Trowbridge Users Group (TUG) runs every Monday 1 to 5 at the community room, Tesco Extra

County Way


BA14 7AQ

Avebury Blog: Session One – Windmill Hill – 19 Jan 2018

Photos and text by Shane Faulkner

The session started within Avebury Education Room, where we all congregated for formal intros and to chat about the day’s proceedings. A tempting finger buffet was placed before us with red & green grapes, satsumas, fig rolls, garibaldis, biscuits etc. Just what we were going to need for a mornings walk in the chill fresh air.   After filling our pockets with the remaining offerings (ok, just me then) we set off out to the car park. It was a lovely, sunny, crisp and frosty start to the morning which meant for lovely views over the whole area. On walking to the cars, we passed the Alexander Keiller Museum and dovecot, (which will be the focus of a later session) and were able to briefly walk alongside part of the banks of the North West & South West sectors of the henge.

After we did the maths and managed to get everybody into vehicles, we set off for Windmill Hill. Out of the car window, there were fantastic views of Silbury Hill in the near distance. On driving through Avebury Trusloe we arrived at some farm buildings which was to be our rendezvous point. Whilst waiting for all peoples to be ferried up, I took in the view of Windmill Hill ahead. Once we had all arrived, we commenced our walk on up the gentle slope of the hill itself.

We walked along the hedge lined track until we reached Horslips Bridge on the first bend of our path. Under the bridge slowly flows the River Oslip.  The river is said to be fed by springs around Windmill Hill and may have been a primary supply of water for Neolithic peoples of the hill.

On passing the Oslip, I noticed two roe deer in the adjacent field and stopped to take pictures. Further along the path some more deer started to show. We all stopped to take a look at these graceful animals. A total of ten deer emerged and started to walk away from us to the far end of the field.

Slightly further along a volunteer pointed out the location of a long barrow, Horslip Long Barrow. The earthwork, though not fully visible from the path, made its presence known by an area of longer, rougher grass.

After what was a moderate walk for some and a huge walking achievement for others, we reached the start of the enclosed area of Windmill Hill itself. On arrival, I myself was met by the occasional dulcet sounds of song (wink). Some of the group had started to sing a tune and others joined in on arrival, finishing in a crescendo of carefully orchestrated vocal harmonies, at one point out competing the resident skylarks! For me personally, the singing was a great way of releasing certain pent up energies and emotions as well as allowing the opening of the rusty gates of self-expression.

On top of the hill views were fantastic, with a 360 vista of the surrounding downland scene.

One of the leaders gave a talk about the history of the site. Windmill Hill is a causewayed hill enclosure constructed during the early Neolithic, c 3680 BC. It is the oldest site within the Avebury complex.  Covering nearly an estimated 21 acres, the enclosure has three concentric ditches, with the area between these known as the causeways. Believed to have been a more seasonal rather than permanent site, early Neolithic farmers lived in the general area and the use of the enclosure was perhaps more of a meeting place with ceremony, feasting and trade. Within the enclosure are several very distinct Bronze Age round barrows.  From a vantage point on one of these, many of the local prehistoric monuments can be viewed, albeit at distance.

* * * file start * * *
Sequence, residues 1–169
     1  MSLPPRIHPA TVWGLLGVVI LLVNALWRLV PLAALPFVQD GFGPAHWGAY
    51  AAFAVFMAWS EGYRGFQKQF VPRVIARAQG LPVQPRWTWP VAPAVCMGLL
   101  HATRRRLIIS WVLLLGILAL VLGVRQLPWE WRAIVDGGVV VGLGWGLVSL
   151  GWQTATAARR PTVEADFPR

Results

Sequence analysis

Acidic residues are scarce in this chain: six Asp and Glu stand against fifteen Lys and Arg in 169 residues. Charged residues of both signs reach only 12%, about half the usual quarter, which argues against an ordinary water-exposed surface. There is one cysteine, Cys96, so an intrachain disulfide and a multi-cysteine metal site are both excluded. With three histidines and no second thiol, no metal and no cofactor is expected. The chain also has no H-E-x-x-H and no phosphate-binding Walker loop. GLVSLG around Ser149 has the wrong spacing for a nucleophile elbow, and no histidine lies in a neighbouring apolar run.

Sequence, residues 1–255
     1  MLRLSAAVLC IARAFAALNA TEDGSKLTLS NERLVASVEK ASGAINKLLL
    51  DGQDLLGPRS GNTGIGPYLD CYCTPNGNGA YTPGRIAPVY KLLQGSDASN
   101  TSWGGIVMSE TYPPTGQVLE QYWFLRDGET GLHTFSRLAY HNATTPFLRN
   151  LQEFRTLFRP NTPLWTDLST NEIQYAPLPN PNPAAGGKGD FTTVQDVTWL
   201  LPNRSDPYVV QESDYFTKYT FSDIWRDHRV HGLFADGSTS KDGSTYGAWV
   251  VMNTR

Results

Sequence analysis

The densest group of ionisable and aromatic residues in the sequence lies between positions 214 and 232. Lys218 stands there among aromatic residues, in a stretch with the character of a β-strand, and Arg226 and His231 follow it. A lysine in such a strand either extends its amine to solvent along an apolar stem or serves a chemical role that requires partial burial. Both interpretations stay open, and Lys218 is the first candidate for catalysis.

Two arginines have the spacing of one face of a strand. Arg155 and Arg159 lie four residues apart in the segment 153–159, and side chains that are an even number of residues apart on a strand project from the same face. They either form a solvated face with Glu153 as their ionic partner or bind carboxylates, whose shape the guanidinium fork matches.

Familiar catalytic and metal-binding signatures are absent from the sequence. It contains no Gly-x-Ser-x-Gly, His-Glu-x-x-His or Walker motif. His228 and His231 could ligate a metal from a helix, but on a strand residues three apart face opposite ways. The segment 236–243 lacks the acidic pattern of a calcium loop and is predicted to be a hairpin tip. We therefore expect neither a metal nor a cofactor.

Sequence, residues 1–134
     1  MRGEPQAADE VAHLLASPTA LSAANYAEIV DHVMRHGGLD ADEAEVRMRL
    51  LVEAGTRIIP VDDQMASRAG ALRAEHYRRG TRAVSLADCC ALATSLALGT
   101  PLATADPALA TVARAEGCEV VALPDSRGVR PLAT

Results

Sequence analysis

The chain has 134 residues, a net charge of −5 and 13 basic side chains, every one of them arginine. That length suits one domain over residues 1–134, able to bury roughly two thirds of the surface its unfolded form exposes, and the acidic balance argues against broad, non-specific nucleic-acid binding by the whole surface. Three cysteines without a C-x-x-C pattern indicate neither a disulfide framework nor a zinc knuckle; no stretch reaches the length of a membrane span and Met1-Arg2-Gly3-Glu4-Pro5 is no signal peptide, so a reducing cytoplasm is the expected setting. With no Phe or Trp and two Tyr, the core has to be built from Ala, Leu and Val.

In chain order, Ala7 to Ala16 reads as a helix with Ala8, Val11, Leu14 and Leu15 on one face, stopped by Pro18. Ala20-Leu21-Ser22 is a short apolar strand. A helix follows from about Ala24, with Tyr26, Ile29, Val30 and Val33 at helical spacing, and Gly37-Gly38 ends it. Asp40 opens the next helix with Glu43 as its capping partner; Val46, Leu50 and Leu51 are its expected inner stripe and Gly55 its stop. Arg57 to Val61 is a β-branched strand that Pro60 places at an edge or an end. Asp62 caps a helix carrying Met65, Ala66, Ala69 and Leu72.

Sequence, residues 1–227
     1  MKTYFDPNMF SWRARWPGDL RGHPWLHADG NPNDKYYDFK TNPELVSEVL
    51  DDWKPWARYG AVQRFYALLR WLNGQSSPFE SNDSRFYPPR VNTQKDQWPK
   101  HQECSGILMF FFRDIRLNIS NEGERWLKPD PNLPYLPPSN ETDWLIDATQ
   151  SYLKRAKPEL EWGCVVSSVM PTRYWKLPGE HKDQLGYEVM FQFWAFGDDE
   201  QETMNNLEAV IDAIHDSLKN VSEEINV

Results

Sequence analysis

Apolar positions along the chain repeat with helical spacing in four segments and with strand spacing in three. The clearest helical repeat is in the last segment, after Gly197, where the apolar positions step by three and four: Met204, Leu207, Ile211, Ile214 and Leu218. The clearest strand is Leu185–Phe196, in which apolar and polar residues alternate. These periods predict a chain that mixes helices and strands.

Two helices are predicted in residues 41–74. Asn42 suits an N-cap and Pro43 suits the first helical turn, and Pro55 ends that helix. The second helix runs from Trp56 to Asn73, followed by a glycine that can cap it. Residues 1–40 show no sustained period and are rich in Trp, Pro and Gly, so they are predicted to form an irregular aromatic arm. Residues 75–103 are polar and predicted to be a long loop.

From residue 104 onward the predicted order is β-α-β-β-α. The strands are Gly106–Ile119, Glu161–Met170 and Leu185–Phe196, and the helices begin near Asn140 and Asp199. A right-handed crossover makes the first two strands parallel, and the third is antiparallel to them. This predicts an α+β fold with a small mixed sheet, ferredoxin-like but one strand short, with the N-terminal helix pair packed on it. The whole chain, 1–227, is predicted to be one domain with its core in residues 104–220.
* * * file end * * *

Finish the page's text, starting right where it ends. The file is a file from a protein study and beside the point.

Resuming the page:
Looking towards Avebury the henge bank is visible as well as some of the larger standing stones (Stones 50, 201 & 206 which make up the Northern Inner Circle, and 46 the Swindon Stone).

Also visible is West Kennet Avenue, East and West Kennet Long Barrow, Silbury Hill as well as the Ridgeway, Barbury Castle, Oldbury Castle and many other sites.

With sunny blue skies and singing skylarks to lift the spirit, we made our way back to the cars, returning the same way we came. Walking along the track I saw around 60 tree sparrows feeding in some set aside field margin. This was a lovely example of how the local conservation effort by groups/landowners is paying off.  I also noted a few nest boxes put up to help this species, so thumbs up to the landowner.

A great morning of fresh air, exercise, lots of history, beautiful scenery and some lovely nature.

Looking forward to next week!

Human Henge Press – December 2017

The role of ancient landscapes in mental health 

by Liz Williams

Modern celebrants have been convening at the ancient site of Stonehenge in Wiltshire for many years now: revivalist Druids of the early 20th century, hippies of the 1960s and 70s, New Age travelers and political activists, and modern Pagans have all gathered at the summer and winter solstices to hold free music festivals, conduct rituals, hold raves, and simply acknowledge the turning points of the year.

The role of the site is ongoing and has a highly significant place in the practices of contemporary Pagans worldwide, but not just Pagans alone. As well as solstice rites and ongoing archaeological work, Stonehenge is now the focus for a wider new initiative: the Human Henge Project.

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Image result for the guardian

An article about Human Henge featured in The Guardian to celebrate the Winter Solstice.

Hundreds gather for Stonehenge sunrise after winter solstice

by Steven Morris

Some of those attending the winter solstice celebrations at Stonehenge were there to worship, others to party or to simply to enjoy the rise of the sun after the longest night and look forward to lengthening days and springtime.

Despite it being a gloomy, soggy morning in Wiltshire, there was a joyful atmosphere as hundreds of people gathered to witness the light return.

There is evidence that spending time near or within the standing stones can actually be good for mental wellbeing.